Ban on plastic straws, stirrers and cotton buds confirmed for England

Plastic straws, drinks stirrers and plastic-stemmed cotton buds will be banned in England next year, Environment Secretary Michael Gove has announced.

A consultation on the proposal closed on 3 December 2018 and received 1,602 responses, the vast majority of which (1,213) were from individual members of the public, evidence of the scale of interest around the issue of plastic waste and pollution. 88 responses were submitted by public bodies, 90 by non-governmental organisations and 94 from the retail and manufacturing industries.

Image of cotton buds, which will be banned in England in 2020
Plastic-stemmed cotton buds come under the new ban
Research carried out on behalf of the Department for Environment, Food and Rural Affairs (Defra) estimates that  4.7 billion straws are used in England alone every year, along with 316 million stirrers and 1.8 billion plastic-stemmed cotton buds – figures that are especially shocking when you consider that all of these items end up in landfill, incineration or as litter.

Responding to the consultation, more than 80 per cent of participants were in support of a ban on the distribution and sale of plastic straws. 90 per cent backed a ban on drinks stirrers and 89 per cent were in favour of banning cotton buds.

Yesterday (22 May), the government published its response to the consultation and confirmed that a ban on plastic drinks straws, plastic-stemmed cotton buds and single-use plastic stirrers will come into force in England in April 2020 (with some exemptions for medical and other uses). While a number of businesses have already taken steps to remove plastic straws from their counters – including Starbucks and JD Wetherspoon – this move will turn voluntary action into legislative requirement.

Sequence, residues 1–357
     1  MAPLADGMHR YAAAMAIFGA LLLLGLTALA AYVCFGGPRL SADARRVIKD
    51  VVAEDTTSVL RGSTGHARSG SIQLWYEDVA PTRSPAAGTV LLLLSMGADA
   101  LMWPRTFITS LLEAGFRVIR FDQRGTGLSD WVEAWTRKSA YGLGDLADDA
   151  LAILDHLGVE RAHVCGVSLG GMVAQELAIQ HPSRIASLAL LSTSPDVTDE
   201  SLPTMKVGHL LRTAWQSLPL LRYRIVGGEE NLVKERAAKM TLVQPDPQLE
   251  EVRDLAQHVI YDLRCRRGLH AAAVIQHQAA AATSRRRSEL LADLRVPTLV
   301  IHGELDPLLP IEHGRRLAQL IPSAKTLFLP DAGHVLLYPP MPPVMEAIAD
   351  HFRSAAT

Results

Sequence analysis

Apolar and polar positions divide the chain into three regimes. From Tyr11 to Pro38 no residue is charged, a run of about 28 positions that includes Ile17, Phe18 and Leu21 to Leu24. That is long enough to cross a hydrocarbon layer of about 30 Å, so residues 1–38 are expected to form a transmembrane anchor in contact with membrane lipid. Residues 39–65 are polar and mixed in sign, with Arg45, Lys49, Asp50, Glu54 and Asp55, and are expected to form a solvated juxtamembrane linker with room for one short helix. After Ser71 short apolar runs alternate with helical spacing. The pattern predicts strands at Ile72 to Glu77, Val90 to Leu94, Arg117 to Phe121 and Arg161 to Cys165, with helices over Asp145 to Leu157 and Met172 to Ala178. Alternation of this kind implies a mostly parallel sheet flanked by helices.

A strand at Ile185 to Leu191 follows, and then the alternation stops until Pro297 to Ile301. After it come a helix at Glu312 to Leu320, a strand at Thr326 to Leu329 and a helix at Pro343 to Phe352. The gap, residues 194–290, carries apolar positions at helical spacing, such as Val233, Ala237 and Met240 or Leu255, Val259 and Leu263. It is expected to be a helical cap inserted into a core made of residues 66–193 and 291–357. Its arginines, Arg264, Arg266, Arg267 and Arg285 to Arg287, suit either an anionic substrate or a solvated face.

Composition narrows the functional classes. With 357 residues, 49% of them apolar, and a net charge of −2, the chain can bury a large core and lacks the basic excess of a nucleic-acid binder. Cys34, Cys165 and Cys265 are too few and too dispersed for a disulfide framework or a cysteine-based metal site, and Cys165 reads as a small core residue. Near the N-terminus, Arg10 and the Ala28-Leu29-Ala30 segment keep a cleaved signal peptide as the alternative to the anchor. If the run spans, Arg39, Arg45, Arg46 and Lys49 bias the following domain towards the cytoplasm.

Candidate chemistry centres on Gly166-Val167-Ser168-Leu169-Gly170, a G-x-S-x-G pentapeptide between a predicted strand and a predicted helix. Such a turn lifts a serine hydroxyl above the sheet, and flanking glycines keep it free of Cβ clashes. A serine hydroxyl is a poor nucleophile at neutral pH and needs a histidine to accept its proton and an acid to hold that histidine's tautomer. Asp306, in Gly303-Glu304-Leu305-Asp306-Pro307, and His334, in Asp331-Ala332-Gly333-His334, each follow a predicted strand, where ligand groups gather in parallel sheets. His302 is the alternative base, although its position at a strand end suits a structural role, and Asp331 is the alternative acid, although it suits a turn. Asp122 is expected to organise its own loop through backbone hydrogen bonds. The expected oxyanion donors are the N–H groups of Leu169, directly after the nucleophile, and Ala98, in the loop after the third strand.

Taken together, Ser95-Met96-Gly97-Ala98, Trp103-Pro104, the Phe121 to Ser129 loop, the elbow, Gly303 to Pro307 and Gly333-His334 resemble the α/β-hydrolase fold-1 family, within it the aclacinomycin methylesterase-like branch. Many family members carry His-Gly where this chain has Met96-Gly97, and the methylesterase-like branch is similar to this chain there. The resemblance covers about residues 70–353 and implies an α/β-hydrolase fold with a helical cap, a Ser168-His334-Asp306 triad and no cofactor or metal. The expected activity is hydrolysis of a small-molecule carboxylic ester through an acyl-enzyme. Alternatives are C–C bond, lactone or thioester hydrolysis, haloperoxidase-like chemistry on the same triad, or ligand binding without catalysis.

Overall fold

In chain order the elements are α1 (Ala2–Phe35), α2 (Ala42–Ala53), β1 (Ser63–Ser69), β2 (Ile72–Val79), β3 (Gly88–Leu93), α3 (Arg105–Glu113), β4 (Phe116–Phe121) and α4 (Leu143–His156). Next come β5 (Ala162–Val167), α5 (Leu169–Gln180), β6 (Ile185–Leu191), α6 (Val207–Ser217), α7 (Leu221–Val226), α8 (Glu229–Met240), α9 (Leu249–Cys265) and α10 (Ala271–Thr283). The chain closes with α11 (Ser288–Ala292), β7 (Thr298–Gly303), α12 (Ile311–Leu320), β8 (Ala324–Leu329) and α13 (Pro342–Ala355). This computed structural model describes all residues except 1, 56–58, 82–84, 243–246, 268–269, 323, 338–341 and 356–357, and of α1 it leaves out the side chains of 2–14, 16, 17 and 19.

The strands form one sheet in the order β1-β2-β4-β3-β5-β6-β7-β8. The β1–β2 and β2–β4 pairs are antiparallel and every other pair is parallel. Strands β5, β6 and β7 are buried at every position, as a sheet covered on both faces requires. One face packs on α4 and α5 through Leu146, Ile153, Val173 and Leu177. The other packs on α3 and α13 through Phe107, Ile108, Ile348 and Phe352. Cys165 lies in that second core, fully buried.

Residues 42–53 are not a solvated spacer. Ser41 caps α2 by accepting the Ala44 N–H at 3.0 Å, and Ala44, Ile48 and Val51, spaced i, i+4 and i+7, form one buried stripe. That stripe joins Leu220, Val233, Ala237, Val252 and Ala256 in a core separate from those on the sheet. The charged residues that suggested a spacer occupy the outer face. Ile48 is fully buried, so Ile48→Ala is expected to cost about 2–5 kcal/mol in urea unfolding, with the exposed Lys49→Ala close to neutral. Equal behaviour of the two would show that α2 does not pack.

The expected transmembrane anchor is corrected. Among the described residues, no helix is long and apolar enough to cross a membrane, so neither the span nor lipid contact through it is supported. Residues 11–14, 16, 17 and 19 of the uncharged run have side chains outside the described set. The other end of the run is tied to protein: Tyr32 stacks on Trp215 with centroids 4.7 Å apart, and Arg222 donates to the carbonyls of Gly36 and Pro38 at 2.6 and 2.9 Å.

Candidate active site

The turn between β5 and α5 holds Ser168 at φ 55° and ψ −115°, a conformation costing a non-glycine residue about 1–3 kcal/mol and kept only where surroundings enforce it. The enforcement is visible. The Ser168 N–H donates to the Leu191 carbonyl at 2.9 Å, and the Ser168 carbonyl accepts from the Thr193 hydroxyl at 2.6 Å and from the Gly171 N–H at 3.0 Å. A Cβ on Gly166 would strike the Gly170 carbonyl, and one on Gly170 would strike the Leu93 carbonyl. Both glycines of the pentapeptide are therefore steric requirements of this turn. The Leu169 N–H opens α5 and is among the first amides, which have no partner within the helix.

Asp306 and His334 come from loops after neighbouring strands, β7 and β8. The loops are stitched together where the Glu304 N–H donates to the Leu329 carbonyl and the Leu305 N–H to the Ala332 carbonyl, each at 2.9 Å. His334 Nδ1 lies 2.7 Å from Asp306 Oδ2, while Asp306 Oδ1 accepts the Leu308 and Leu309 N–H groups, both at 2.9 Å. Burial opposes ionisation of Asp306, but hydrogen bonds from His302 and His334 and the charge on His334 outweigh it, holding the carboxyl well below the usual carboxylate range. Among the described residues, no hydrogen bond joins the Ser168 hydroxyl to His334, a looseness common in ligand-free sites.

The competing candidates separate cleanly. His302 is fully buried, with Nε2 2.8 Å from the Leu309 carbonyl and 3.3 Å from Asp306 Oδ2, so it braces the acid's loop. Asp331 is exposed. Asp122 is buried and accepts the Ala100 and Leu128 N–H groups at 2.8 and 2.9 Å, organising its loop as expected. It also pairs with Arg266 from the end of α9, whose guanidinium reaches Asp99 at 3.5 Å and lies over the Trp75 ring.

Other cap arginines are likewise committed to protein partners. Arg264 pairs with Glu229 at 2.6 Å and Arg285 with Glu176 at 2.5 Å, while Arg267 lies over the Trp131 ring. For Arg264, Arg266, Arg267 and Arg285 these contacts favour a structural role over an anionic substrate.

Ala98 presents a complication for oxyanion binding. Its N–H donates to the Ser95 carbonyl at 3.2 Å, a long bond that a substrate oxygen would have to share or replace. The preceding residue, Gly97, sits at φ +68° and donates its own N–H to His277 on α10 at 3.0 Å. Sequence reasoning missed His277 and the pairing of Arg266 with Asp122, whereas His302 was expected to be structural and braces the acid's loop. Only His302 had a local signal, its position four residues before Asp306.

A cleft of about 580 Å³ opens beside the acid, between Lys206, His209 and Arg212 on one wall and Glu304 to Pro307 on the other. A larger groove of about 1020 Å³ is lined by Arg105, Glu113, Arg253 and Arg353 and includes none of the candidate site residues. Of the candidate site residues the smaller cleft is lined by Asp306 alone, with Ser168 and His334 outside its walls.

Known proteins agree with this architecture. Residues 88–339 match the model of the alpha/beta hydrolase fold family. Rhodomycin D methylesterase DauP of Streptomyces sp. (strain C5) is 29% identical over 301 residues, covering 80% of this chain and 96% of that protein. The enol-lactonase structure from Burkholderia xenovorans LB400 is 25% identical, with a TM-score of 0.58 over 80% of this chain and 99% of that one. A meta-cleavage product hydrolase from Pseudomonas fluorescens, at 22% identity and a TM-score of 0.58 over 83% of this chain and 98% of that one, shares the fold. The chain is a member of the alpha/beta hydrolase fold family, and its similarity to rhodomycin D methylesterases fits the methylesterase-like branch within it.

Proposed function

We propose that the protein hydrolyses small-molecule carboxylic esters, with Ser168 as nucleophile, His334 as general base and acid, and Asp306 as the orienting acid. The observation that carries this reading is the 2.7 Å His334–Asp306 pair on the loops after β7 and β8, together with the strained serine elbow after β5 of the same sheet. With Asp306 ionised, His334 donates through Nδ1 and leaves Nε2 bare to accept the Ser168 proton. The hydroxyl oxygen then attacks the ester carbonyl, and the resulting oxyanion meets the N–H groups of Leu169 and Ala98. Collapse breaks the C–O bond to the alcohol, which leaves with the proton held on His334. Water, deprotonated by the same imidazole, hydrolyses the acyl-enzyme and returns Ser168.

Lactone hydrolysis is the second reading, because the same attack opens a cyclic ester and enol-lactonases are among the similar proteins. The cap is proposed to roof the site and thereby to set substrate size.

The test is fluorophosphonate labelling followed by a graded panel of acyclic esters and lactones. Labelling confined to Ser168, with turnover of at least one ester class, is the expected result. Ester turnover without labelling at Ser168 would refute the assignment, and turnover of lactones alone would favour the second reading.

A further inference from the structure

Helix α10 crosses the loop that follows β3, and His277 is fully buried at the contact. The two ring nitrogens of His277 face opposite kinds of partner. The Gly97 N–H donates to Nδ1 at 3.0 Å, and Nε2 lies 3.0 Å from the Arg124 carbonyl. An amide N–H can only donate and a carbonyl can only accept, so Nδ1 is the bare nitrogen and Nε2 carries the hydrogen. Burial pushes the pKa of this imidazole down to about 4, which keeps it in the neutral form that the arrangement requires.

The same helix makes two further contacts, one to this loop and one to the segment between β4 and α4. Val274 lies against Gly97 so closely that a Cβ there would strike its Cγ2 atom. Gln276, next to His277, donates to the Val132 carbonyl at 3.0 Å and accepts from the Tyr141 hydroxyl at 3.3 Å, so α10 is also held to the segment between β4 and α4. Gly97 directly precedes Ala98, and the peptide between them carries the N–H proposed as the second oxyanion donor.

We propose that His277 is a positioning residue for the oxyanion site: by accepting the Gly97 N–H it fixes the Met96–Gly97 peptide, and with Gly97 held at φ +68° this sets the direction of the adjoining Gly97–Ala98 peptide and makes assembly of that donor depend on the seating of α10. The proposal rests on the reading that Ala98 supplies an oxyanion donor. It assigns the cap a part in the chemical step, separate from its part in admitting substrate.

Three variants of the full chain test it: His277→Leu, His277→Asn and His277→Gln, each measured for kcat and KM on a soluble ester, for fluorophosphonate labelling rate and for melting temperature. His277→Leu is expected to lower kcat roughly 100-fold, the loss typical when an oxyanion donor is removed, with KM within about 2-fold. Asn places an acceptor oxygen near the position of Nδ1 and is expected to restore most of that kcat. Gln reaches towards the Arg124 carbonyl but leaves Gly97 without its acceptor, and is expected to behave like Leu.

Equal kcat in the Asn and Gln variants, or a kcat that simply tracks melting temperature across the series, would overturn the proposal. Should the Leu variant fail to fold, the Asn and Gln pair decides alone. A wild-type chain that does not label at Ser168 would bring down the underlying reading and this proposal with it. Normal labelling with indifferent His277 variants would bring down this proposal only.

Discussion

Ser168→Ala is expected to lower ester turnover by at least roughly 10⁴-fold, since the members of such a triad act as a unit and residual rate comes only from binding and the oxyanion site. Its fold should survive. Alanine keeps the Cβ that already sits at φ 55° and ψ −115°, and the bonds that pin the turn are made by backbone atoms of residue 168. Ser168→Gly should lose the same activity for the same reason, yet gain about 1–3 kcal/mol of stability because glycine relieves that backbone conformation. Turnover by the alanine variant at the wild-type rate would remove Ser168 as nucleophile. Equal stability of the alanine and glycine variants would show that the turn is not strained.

Exemptions to the law

When a ban on plastic straws was first proposed, back in February 2018, the idea was met with concern by disability rights groups, who rightly reminded the government that some people with disabilities are unable to easily drink without the aid of a straw.

The majority of those who responded to the consultation to say they did not support the ban did so because they were concerned that people who relied on straws for medical reasons would be disadvantaged by a blanket ban. Therefore, the news of an exemption designed to cater for those with accessibility needs has been met with relief. The government has confirmed that although catering establishments won’t be allowed to display plastic straws on countertops, they will be allowed to provide straws on request; moreover, plastic straws will be available for purchase from registered pharmacies.

Lauren West, Trailblazers Manager at charity Muscular Dystrophy UK, welcomed the news of an exemption, noting that “plastic straws are sometimes the only type of straw that work for disabled people due to their flexibility and ability to be used in hot and cold drinks.”

A close up of plastic straws
Plastic straws are often littered but disability groups pointed out a blanket ban would negatively affect disabled people